Back in June, after installing a new lithium-ion battery into its ape-inspired RoboSimian and plugging it into charge, researchers at NASA's Jet Propulsion Laboratory had their lunches cut short when the battery suddenly exploded in a spectacular fireball that completely torched the bot.
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DARPA, the agency that helped invent things like email in the early 1970s and the internet itself in the late 1960s, just launched a podcast. Podcasts have been around since the 2000s, but better late than never, I guess.
After losing his left arm to cancer in 2008, Jonny Matheny's life changed radically. The self-styled West Virginia hillbilly, formerly a retail bread sales and delivery man, started travelling to medical research facilities around the country to volunteer as a test-subject for advanced prosthetics and experimental surgeries. Today, Matheny is something of a Model T for cyborgs, wielding one of the most advanced mind-controlled prosthetics ever built.
Bacteria are becoming resistant to antibiotics far more quickly than humans are discovering new ones. That's why a DARPA-funded research team is exploring a fascinating new way we might win the war against germs: not with drugs, but with predatory bacteria that sound like monsters from science fiction.
When I asked Johnny Matheny if I could shake his hand, I was admittedly a little nervous. The soft-spoken Floridian lost his lower left arm to cancer eight years back. His new arm — an advanced, mind-controlled prosthetic developed by DARPA — can crush a human human skull like a child squeezing a mandarin.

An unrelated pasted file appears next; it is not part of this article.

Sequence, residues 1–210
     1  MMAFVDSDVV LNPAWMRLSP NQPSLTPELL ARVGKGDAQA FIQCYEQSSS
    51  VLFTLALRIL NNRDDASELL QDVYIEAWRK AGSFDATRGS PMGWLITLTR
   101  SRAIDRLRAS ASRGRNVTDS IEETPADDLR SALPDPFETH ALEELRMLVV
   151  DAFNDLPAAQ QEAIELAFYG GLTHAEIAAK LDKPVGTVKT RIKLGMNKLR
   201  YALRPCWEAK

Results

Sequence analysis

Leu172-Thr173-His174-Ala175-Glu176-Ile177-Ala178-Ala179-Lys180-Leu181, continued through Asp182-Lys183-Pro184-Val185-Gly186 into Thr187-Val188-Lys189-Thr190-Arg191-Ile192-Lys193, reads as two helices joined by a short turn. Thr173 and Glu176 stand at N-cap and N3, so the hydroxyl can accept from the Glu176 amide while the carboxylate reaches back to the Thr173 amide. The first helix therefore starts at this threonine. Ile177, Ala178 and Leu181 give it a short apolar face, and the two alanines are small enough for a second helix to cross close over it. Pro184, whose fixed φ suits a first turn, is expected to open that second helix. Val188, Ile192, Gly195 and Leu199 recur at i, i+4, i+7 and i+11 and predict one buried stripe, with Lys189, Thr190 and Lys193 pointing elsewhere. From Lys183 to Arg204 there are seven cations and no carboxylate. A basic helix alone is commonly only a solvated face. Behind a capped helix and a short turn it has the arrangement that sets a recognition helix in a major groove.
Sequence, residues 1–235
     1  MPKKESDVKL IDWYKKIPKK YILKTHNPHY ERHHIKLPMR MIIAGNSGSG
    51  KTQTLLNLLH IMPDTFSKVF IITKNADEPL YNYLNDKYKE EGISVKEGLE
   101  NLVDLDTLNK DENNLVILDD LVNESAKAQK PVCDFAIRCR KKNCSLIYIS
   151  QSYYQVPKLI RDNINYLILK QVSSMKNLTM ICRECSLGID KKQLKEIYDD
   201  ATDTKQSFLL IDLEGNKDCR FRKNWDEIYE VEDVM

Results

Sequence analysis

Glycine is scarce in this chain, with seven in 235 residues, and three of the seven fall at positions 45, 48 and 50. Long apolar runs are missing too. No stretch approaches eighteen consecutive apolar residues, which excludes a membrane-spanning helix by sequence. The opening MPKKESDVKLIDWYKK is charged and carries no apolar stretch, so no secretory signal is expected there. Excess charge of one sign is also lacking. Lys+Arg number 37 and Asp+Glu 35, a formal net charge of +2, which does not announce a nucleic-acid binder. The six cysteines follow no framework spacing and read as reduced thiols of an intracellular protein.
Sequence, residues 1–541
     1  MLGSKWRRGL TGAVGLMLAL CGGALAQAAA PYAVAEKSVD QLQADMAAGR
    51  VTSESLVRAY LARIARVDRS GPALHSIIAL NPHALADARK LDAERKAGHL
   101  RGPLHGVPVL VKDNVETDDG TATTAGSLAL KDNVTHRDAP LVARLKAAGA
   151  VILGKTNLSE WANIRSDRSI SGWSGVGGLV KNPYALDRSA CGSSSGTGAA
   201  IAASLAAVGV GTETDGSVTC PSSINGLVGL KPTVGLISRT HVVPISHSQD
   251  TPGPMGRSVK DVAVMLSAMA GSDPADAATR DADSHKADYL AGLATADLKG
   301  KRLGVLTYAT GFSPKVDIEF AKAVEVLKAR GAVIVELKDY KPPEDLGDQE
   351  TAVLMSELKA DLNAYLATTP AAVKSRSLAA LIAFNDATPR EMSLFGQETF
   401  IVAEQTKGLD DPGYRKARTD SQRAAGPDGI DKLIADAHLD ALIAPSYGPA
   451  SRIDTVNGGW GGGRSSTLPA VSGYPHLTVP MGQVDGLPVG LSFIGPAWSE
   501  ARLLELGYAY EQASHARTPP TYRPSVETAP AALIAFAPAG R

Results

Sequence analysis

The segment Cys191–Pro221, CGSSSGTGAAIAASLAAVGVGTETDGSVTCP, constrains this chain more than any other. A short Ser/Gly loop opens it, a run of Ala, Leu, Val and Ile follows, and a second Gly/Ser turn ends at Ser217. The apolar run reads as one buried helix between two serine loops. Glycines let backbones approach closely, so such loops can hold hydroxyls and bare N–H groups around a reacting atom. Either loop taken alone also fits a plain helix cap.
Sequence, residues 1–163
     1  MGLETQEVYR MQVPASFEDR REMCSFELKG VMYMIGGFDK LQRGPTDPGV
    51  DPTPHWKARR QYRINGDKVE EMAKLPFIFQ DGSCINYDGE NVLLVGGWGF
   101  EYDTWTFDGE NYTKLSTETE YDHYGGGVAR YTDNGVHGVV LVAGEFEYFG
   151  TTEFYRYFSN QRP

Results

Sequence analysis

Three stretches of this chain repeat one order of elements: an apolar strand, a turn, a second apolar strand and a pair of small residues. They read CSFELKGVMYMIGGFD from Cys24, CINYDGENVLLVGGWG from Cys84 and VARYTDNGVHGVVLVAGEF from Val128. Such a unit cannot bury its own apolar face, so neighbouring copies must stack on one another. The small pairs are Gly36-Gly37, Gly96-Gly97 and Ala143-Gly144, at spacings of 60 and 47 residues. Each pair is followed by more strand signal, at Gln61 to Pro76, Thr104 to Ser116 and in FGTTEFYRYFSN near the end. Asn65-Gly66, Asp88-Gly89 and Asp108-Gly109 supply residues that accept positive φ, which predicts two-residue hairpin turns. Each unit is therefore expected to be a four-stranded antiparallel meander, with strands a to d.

Producing drugs is usually a time-consuming process that requires several large factories, each handling a different step in the process. But for smaller on-demand batches, MIT has developed a portable pharmacy that's only about the size of a commercial-grade fridge and promises much faster turnarounds.
Founded in 1958 to prevent technological surprises such as Sputnik, the Defence Advanced Research Projects Agency funds projects that are both outside the box and off the wall. Although DARPA gave us the Internet and GPS, plenty of its blue-sky ideas have crashed back down to Earth. Here are ten of them.
Back when Alphabet was known as Google, the company bought Boston Dynamics, makers of the amazingly advanced robot named Atlas. At the time, Google promised that Boston Dynamics would stop taking military contracts, as it often did. But here's the open secret about Atlas: She can enlist in the US military at any time she wants.
It's been a weird day for weird science. Not long after researchers claimed victory in performing a head transplant on a monkey, the US military's blue-sky R&D agency announced a completely insane plan to build a chip that would enable the human brain to communicate directly with computers. What is this weird, surreal future?
The DARPA Robotics Challenge put countless robots through a series of real-world challenges that involved driving, drilling holes and climbing stairs. But let's be realistic, the only thing any of us really want a robot for is housework, and that's what ATLAS is finally learning.